CHAMPAIGN – When the Illini football team reported 40 autumns ago following marginal summer training, the staff received on-field coaching help from fifth-year seniors.
Unlike Nebraska, Oklahoma and other powerhouses, the Big Ten did not permit redshirting. As they finished classes toward graduation, these fifth-year students picked up a few bucks assisting on the field.
In the day, leaders of the major conferences agreed that freshmen should serve a year's apprenticeship before playing with the big boys, and mini-schedules of freshman games were played. The stodgy Big Ten went a step further by setting up stiff academic transfer rules to discourage junior college transfers.
And, until 1975, just one Big Ten team could attend postseason play – Rose Bowl only – and for many years a repeat conference champion could not succeed itself in Pasadena.
It became the Big Two-Little Eight with Ohio State and Michigan dominating until the conference was freed for multiple bowl opportunities. Just as the wild-card concept has kept 16 Major League Baseball teams in strong playoff contention into late August, today's multiple bowl system makes nearly all November football games critical where once they weren't ... bringing greater depth, incentive and balance to the Big Ten.
In the day, well ... you wouldn't recognize it. The only 300-pounders were viewed as obese. Today, Illinois has 19 squadmen weighing between 290 and 320. At 240, Dick Butkus would be an average-sized linebacker today.
Guard Ron Guenther, Illini MVP in 1966, was listed at 5-foot-9 and 204 after spending his summer as a carpenter. Summer weight training was encouraged but not required. Coaches were slow to accept the idea of water breaks at practice because their coaches years before didn't believe in it. Nor had it become a "requirement" for entire squads to spend their summers training on campus.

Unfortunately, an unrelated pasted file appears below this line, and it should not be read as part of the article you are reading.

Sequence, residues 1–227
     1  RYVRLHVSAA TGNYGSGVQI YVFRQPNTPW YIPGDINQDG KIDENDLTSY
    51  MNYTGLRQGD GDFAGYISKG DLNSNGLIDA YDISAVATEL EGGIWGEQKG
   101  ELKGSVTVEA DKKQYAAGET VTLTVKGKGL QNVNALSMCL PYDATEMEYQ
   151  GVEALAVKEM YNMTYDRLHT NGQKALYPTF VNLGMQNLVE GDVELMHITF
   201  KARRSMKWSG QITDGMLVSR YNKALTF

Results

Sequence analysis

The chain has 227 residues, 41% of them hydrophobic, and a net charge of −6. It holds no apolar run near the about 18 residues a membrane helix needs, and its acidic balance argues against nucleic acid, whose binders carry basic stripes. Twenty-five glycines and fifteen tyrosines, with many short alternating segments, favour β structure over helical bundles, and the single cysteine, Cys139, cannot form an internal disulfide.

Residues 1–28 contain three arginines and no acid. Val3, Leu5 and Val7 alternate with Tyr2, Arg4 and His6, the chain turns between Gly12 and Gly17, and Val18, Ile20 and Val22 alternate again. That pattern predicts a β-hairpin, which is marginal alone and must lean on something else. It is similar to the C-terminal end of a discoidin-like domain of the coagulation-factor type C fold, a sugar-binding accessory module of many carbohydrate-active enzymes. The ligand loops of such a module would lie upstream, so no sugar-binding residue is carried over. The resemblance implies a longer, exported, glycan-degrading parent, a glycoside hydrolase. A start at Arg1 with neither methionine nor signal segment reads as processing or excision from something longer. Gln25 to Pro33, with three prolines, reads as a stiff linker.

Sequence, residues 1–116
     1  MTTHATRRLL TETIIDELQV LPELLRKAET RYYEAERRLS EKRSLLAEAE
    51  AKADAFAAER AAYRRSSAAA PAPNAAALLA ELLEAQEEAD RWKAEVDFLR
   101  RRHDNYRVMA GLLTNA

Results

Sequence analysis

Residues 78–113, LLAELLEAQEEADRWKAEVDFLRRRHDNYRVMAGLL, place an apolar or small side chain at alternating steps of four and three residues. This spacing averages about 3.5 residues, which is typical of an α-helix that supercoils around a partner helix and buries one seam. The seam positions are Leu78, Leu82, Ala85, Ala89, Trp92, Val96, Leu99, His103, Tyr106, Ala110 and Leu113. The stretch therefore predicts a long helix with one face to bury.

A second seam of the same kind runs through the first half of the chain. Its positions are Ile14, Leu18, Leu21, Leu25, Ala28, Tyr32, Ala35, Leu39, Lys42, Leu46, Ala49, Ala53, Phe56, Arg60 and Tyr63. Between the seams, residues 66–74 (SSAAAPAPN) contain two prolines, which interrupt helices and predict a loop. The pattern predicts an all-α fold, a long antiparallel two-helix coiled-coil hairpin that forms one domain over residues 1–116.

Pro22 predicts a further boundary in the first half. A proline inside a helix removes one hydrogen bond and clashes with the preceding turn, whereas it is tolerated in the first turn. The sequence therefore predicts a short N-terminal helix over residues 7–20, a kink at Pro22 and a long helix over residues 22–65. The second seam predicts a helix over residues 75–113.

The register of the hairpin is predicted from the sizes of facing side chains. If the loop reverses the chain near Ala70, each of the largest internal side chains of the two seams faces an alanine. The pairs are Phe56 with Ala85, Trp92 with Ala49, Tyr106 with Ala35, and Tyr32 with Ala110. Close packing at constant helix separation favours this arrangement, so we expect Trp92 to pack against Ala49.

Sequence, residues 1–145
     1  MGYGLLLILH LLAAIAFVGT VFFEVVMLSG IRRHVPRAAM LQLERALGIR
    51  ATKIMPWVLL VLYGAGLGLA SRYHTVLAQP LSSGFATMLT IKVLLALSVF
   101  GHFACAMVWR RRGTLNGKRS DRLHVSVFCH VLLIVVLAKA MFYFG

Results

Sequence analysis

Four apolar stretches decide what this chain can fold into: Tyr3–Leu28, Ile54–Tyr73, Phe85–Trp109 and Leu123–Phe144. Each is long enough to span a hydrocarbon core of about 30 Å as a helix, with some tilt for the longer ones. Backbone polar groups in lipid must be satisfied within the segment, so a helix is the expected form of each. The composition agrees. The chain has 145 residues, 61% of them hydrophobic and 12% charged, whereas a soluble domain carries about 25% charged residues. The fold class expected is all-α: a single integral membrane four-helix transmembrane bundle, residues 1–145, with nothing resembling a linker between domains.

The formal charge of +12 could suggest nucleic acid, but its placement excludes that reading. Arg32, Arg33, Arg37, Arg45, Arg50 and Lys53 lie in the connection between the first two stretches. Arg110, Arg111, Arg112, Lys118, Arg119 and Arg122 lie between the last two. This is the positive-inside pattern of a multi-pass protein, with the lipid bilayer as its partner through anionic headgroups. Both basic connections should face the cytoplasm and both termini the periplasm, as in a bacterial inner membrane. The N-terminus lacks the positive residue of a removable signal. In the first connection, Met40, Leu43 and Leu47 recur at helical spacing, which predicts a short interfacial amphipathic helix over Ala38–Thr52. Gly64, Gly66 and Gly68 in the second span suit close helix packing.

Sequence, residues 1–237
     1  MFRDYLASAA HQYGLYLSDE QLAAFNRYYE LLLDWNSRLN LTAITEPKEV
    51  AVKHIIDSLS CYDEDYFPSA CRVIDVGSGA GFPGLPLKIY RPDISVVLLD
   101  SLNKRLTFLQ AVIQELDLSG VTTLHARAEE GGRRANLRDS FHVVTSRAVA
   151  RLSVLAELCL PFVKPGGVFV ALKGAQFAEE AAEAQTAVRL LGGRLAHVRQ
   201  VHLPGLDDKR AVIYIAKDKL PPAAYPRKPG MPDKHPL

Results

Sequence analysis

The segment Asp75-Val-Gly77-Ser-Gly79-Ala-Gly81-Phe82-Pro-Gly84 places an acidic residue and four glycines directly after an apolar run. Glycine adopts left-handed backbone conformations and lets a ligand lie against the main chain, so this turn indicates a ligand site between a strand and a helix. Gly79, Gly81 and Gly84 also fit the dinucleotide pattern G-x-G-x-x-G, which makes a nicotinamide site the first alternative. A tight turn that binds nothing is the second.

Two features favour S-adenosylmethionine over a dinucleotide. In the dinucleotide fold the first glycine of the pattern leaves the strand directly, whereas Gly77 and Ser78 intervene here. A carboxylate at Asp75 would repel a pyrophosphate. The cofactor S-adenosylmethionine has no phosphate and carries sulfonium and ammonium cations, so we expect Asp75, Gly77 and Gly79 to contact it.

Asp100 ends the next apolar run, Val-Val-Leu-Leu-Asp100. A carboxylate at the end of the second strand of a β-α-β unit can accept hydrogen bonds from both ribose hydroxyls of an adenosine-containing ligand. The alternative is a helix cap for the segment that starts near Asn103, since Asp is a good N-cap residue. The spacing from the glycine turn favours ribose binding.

You could burn your leaves, smoke in a restaurant and drive without a seat belt. Some of us left our doors unlocked. Men felt undressed without a hat, and donned suits and ties where none are worn today. The common fear was global freezing.
There were no cell phones, much less the Internet, and television viewing was limited to the three major networks. The great John Wooden, who won 10 NCAA basketball crowns at UCLA through 1975, never saw his coaching salary reach $35,000 a year. Some college coaches sold insurance in the summer to make ends meet. Penn State was a happy independent, and Rush Limbaugh would be fired a couple of times before finding his niche. For those who missed Cary Grant in "Gunga Din," Halloween brought out the only "terrorists" we knew about ... pint-sized window soapers.
News-Gazette and Courier sports writers waited two or three days for the mailman to deliver out-of-town newspapers with stories about other Big Ten teams. Long-distance costs restricted our telephone calls. A blog was presumed to be some sort of heavy smog (it still is), and sports call-in shows hadn't yet clogged the radio airwaves.
Football road trips in the 1960s sometimes required traveling reporters to locate a Western Union office that would take typewritten pages and transmit an all-caps article for the newspaper's proof reader to correct and the Linotype operator to produce in hot metal. Sunday columns seldom had fewer than a dozen mistakes.
Times, they are a-changin'
Yep, those were the good old days.
Practices were open and Pete Elliott, Illini football coach from 1960 through 1966, conducted post-practice interviews informally in a small locker room while he and his assistants showered and dressed. Nobody played "gotcha" in those days.
That would inevitably change, as did a wrong-minded attitude permeating the community's business leaders that, for those in the know, for those who understood what was happening elsewhere, Illini football and basketball really couldn't be expected to succeed without stretching the rules.
An Illini "slush fund" providing monthly stipends for athletes ran through the Butkus-Grabowski and Jones-Dunlap eras until assistant director Mel Brewer, keeper of the illegal books, turned them over to the university president in December 1966. That prevented Elliott from being named athletic director, caused coaches and players to be severed, and sent Illinois careening toward several subsequent run-ins with Big Ten and NCAA investigators.